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Author

Great Lakes Indian Fish and Wildlife Commission Climate Change Team

Grades

9th, 10th, 11th, 12th, AP® / College

Subjects

Science, Social Studies, Biology, English Language Arts, Mathematics

Resource Types

  • Scientific Papers or Reports, 340 pages
  • Charts, Graphs, and Tables

Regional Focus

North America, United States, USA - Midwest, Wisconsin, Minnesota, Northwoods (CESA 9, 10, 11, 12), Lake Michigan & Fox/Wolf Watershed (CESA 6, 7, 8), Michigan

Format

PDF

Aanji-bimaadiziimagak o’ow aki: Vulnerability Assessment 2023

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Synopsis
  • This detailed report combines Indigenous and scientific ecological knowledge to describe how climate change is impacting the Great Lakes region, how vulnerable this region may be to future climate impacts, detailed effects on various plants and animals, and suggested next steps to address these changes.
  • The report contains a glossary of terms, Ojibwe pronunication guide, abstract, introductory Ojibwe story, table of contents, colorful graphs, maps, and images, and beautiful artwork on the cover.
Teaching Tips

Positives

  • The report is thorough and well-organized.
  • Due to the holistic nature of the report, different sections of the report can be used for various subjects, classes, assignments, or lessons.

Additional Prerequisites

  • Students need to have a solid understanding of climate change or the greenhouse effect to fully understand this report.
  • If you click a section on the "Table of Contents" you will be taken to the corresponding page, making it easy to navigate online.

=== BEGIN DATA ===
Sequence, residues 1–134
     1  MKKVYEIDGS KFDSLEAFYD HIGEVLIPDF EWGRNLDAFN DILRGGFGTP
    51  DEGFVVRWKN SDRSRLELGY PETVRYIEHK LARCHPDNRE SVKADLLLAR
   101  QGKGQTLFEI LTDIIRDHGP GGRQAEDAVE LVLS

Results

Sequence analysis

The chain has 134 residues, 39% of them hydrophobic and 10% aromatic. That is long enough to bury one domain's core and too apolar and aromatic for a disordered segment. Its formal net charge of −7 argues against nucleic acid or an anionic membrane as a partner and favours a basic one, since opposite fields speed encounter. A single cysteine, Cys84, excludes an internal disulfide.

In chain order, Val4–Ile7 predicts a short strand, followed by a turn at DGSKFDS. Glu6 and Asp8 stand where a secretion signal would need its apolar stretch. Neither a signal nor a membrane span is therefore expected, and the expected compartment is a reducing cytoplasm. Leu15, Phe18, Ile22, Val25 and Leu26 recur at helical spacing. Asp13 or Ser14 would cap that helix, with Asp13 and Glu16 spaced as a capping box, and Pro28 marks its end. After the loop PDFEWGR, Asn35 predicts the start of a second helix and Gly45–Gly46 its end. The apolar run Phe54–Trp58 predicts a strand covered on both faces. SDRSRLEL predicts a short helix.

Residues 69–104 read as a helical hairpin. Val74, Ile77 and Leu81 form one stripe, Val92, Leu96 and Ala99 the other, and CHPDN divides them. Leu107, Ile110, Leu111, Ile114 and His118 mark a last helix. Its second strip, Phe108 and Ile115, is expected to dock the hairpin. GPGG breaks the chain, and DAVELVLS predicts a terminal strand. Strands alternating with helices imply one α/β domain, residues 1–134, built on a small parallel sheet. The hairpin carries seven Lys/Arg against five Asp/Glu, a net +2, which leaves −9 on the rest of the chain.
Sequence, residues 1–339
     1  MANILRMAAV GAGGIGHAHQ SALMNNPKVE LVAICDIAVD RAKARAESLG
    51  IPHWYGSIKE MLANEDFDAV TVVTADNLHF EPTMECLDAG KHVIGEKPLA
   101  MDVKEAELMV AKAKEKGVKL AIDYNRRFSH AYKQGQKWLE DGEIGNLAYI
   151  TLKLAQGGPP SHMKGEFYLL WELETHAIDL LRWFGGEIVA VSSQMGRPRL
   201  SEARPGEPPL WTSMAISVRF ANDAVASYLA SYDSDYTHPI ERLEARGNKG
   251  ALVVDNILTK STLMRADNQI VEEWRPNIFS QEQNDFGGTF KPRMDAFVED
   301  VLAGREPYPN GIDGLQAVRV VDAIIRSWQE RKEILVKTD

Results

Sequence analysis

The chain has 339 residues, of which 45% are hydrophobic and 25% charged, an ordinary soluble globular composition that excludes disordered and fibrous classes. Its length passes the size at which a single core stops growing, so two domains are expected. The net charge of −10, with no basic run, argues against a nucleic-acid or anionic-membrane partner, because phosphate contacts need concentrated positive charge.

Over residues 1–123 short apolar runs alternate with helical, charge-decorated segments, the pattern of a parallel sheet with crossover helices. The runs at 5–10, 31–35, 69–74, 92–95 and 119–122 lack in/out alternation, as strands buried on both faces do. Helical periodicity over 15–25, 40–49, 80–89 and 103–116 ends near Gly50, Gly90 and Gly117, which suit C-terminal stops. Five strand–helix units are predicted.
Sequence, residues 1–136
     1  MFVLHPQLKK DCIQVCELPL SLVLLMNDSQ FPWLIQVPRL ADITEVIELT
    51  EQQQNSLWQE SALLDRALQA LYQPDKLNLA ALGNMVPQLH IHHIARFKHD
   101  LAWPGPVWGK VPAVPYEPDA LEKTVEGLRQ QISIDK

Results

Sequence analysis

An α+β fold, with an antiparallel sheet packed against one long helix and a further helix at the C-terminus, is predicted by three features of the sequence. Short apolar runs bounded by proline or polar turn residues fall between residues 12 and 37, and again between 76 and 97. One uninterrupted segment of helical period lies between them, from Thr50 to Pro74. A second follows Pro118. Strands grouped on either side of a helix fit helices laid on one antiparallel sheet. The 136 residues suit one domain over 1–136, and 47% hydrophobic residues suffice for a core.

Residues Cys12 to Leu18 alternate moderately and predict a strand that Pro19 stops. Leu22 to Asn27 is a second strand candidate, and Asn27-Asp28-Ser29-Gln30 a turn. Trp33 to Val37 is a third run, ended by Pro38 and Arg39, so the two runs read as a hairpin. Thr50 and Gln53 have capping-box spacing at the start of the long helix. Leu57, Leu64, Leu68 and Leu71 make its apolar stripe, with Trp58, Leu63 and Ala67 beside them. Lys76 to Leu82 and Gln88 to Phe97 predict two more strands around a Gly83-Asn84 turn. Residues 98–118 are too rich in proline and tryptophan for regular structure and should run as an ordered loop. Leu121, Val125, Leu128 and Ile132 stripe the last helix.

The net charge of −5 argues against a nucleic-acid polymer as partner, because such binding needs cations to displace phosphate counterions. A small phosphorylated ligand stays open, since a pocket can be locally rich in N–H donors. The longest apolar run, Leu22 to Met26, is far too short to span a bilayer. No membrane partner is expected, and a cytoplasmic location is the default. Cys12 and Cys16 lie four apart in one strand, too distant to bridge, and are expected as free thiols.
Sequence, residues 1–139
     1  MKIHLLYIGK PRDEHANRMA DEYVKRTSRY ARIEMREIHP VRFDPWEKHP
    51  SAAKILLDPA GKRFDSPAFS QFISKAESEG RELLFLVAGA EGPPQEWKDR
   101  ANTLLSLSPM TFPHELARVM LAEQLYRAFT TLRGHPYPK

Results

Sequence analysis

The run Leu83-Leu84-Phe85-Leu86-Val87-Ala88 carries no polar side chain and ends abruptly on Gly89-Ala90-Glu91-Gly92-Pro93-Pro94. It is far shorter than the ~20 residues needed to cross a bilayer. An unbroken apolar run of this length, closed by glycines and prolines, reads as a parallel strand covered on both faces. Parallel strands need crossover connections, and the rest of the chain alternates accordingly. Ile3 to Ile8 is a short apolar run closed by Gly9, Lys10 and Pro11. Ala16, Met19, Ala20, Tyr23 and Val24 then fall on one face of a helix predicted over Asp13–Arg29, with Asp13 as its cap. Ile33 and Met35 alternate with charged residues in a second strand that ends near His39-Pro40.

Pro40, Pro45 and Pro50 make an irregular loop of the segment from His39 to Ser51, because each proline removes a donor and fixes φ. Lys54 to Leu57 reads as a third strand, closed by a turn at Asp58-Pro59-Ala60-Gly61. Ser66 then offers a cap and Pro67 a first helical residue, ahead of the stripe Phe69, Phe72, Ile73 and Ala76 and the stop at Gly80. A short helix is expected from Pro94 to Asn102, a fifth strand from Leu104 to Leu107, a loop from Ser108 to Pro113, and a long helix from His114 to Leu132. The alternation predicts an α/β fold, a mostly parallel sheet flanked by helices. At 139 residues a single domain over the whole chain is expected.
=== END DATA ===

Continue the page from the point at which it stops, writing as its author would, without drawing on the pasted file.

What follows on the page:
Differentiation

  • The report could accompany a lesson on how climate change impacts communities, ecosystems, and biodiversity.
  • The report could augment a lesson about the impacts of climate change on human activities.
  • The report could enhance a classroom discussion on what the environment might look like today if Indigenous peoples were not forcefully removed from their lands.
  • Biology and ecology classes could use a variety of sections to incorporate into lessons about ecosystem services, keystone species, interspecific relationships, and population dynamics.
  • The word clouds could be used as inspiration for language arts or visual arts classes.
  • Math classes could use the data sets provided to practice analyzing categorical and quantitative data.
Scientist Notes
This website from the Great Lakes Indian Fish & Wildlife Commission provides a very dense 340-page copy of the most recent vulnerability assessment. The assessment provides information about the origins of the program and the climate change program, the anticipated impacts to the territories due to climate change, methods on how the assessment was conducted, results and discussion of the study, and finally a section that discusses how each group may be impacted by climate change. This resources is very well sourced and would be a great addition to a classroom discussion about climate change and its impacts to the environment and people.
Standards

This resource addresses the listed standards. To fully meet standards, search for more related resources.

  • Science
    • ESS3: Earth and Human Activity
      • HS-ESS3-1. Construct an explanation based on evidence for how the availability of natural resources, occurrence of natural hazards, and changes in climate have influenced human activity.
      • HS-ESS3-6. Use a computational representation to illustrate the relationships among Earth systems and how those relationships are being modified due to human activity.
    • LS2: Ecosystems: Interactions, Energy, and Dynamics
      • HS-LS2-2. Use mathematical representations to support and revise explanations based on evidence about factors affecting biodiversity and populations in ecosystems of different scales.
      • HS-LS2-6. Evaluate claims, evidence, and reasoning that the complex interactions in ecosystems maintain relatively consistent numbers and types of organisms in stable conditions, but changing conditions may result in a new ecosystem.
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